Page 1

MARKET REPORT 2017 BAYSIDE BUSINESS DISTRICT

10 YEARS ON WHAT WE HAVE LEARNED AND THE FUTURE OPPORTUNITIES

REAL FACTS, REAL SOLUTIONS Commercial & Industrial Real Estate

Sales & Leasing

MOORABBIN \ 9559 3888 \ 358 SOUTH ROAD, VIC 3189

Property Management

nicholscrowder.com.au


WELCOME Over the past 10 years, the Bayside City Council and Nichols Crowder have been instrumental in the continual development and growth of the Bayside Business Employment Area, more often referred to as the Bayside Business District (BBD). The BBD is a name Nichols Crowder created as we felt it was more in tune with its commercial objectives. Despite setbacks such as the Global Financial Crisis and mixed business conditions, the BBD has proven to be a major success for the Bayside region over the past decade. Over 400 new businesses now operate in the BBD, creating over 1,300 jobs. This, along with the retention of key existing employers, is an indicator of the BBD’s ongoing success. This report looks back over the past 10 years at how the BBD has developed and changed the business landscape in the Bayside area. It also shows how current developments are evolving and making the BBD even more dynamic. Finally, the report discusses expected future changes, how these will impact the BBD over the next 10 years, and,

CONTENTS BACKGROUND PAGE 3 ZONINGS PAGE 4 PROPERTY USAGE RE-ALIGNMENT PAGE 5 LAND VALUE TRENDS PAGE 8 WHY SMALL IS GOOD PAGE 9 BUILDING TRENDS PAGE 10 FUTURE OPPORTUNITIES PAGE 11



\2

importantly, the future opportunities for businesses, investors and developers. The BBD is a great model, which can be replicated in other locations involving not only suburbs needing regeneration, but larger single-ownership properties. This is an exciting time as we feel the Council, Nichols Crowder and local businesses have only just scratched the surface of the many opportunities still ahead of us within the BBD. Matt Nichols \ Managing Director Nichols Crowder Moorabbin Pty Ltd


BAYSIDE BUSINESS DISTRICT

10 YEARS ON BACKGROUND Covering an area of over 100 hectares across parts of Sandringham, Cheltenham and Highett, the BBD is centred on the eastern part of Bay Road. This unique pocket was a forgotten industrial precinct without the benefit of a freeway system, which was dominated by low, asbestos-roofed warehouses and medium to heavy manufacturing. With its superb location close to several prestigious Bayside suburbs and a clear social trend toward working closer to home, there were much better and higher potential uses.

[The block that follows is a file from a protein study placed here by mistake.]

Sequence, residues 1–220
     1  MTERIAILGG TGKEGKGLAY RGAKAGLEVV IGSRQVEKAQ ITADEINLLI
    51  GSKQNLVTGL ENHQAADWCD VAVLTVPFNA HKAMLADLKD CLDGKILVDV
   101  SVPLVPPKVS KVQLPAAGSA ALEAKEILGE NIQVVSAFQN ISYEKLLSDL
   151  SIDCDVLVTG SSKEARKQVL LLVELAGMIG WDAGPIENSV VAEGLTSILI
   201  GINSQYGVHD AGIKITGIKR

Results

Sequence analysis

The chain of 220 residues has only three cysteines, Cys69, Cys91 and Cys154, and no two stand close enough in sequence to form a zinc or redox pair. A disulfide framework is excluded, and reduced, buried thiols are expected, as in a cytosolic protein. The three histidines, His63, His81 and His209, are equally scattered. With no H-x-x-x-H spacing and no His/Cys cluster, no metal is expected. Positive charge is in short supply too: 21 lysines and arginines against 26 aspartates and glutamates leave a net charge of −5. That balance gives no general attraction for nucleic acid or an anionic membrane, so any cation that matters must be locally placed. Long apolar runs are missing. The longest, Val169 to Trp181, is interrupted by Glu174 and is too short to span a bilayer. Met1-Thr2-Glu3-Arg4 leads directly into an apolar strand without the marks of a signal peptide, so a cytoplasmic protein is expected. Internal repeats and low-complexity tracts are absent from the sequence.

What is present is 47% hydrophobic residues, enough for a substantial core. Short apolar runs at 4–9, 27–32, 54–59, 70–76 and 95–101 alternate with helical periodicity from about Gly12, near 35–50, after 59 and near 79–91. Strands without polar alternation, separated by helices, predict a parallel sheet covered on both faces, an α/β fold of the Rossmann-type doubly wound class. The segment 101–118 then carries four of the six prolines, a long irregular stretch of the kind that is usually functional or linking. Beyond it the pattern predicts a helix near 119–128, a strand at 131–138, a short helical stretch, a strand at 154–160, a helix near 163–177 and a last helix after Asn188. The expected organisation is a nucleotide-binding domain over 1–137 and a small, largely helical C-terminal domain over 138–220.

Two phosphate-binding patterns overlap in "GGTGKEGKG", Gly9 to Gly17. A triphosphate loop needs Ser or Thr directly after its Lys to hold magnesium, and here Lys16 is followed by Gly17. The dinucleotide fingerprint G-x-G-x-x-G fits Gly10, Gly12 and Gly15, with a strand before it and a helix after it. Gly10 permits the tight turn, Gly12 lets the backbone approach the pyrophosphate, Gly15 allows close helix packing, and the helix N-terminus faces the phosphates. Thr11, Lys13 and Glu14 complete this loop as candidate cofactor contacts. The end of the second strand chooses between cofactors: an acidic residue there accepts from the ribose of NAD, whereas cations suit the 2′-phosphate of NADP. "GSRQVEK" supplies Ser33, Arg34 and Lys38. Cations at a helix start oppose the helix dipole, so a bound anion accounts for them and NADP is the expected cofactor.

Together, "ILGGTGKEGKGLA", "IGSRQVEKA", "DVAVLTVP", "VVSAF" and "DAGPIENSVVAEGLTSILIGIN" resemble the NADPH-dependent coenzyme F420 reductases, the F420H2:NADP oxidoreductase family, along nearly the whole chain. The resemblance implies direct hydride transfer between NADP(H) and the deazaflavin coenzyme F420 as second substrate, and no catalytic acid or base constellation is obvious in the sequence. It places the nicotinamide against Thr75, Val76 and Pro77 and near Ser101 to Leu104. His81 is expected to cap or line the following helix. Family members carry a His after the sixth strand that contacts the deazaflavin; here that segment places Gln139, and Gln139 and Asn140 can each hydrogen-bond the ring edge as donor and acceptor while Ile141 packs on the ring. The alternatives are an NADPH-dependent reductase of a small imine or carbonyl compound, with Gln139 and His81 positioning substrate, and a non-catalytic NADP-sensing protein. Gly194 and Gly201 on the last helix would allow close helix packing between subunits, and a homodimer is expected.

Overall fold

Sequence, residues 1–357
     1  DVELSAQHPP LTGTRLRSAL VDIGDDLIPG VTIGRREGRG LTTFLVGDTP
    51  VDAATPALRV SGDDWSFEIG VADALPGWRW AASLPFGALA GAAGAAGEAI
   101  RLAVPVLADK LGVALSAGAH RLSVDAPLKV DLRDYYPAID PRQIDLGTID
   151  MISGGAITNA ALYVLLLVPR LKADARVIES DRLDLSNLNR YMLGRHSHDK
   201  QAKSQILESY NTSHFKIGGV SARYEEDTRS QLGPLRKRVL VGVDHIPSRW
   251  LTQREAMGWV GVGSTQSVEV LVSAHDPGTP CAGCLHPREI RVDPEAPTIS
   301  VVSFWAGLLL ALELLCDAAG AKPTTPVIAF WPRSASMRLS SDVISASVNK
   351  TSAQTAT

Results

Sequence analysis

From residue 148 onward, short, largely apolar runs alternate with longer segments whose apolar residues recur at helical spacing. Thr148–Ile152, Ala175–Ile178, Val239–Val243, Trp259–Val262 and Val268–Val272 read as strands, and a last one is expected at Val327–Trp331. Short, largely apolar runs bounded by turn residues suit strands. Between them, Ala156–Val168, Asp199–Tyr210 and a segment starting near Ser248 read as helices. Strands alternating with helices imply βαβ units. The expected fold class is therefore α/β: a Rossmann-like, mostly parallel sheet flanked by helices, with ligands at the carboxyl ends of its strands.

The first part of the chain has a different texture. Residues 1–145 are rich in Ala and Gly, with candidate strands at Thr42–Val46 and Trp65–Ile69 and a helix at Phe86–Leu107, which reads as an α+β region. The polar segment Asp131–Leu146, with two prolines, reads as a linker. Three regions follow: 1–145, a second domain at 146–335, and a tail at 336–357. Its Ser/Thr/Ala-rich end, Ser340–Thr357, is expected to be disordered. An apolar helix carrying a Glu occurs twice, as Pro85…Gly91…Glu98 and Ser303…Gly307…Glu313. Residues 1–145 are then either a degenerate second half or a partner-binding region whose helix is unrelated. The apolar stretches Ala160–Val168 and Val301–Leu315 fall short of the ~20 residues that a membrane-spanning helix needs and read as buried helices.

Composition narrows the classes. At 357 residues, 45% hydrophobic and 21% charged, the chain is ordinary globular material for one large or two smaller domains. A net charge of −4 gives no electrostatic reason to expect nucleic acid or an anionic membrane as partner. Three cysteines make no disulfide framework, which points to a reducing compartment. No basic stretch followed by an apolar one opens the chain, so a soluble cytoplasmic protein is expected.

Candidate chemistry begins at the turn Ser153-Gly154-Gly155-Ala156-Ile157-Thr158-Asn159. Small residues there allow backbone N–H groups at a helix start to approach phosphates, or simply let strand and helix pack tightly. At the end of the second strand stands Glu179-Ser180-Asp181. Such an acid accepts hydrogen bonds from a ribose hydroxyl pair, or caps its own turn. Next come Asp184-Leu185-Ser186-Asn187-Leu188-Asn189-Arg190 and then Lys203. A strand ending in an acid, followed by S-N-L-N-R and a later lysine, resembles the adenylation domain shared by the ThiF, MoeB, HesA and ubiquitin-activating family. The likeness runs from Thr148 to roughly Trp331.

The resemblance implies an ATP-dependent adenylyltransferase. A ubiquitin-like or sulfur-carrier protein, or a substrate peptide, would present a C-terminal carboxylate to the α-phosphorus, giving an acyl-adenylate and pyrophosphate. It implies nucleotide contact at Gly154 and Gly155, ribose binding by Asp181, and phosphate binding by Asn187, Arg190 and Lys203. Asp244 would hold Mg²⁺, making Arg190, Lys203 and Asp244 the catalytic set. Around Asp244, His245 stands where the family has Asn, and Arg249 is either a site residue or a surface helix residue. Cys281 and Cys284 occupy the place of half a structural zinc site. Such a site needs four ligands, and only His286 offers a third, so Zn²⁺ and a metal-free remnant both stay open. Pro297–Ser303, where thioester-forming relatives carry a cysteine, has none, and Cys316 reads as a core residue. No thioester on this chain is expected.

The precinct also had some wonderful attributes to start with, including three adjoining golf courses, a golf driving range, two large indoor sporting complexes, and a major shopping centre close by. Critically, the adjacent Bayside residential area contains key business and investor decision makers, which has contributed to the BBD’s growth. A major rezoning occurred in 2006, mostly from Industrial 1 to Business 3 (later superseded to Commercial 2), and to Mixed Use Zoning on the fringes.


WHAT THE NEW ZONINGS ALLOWED

DEFINITIONS OF THE DIFFERENT ZONINGS IN BBD Industrial 1 Allows warehousing and heavy industry with office limitations.

Rezoning over 100 hectares from Industrial 1 to Commercial 2 opened up the possibilities for higher and better land uses. It allowed for the development of industrial, showrooms, some retail uses, and offices up to four levels. The mixed use re-zoning allowed for offices, retailing and upper-level high-density residential.

Commercial 2 (previously Business 3) Allows office, manufacturing, industrial, retail and warehousing up to four levels.

The concept was simple. Turn under-utilised industrial land into a local business/ employment hub.

Mixed use Allows high-density residential, offices and retailing.

The local residents provide a well-educated employment base and business decision makers that service a wide range of business types, requiring flexible zoning.

BLUFF R D

BAY RD

RD

TALINGA

RD

RESERV

E RD

WANGA RA

TULIP S T

C2Z

Commercial 2

MUZ

Mixed Use

PARK R D

BBD outline indicative only

NICHOLS CROWDER BAYSIDE BUSINESS DISTRICT \ MARKET REPORT 2017

\4


BAYSIDE BUSINESS DISTRICT

10 YEARS ON USAGE RE-ALIGNMENT One of the driving forces behind the opening up of the land uses in the BBD was the manufacturing decline in Australia and across Victoria and Melbourne. Australian Bureau of Statistics (ABS) data show that the manufacturing sector has declined steadily as a proportion of national GDP over the past 30 years. As Victoria has traditionally been more focused on manufacturing than most other states and territories, the decline in manufacturing has been more significant for workers and businesses in this state.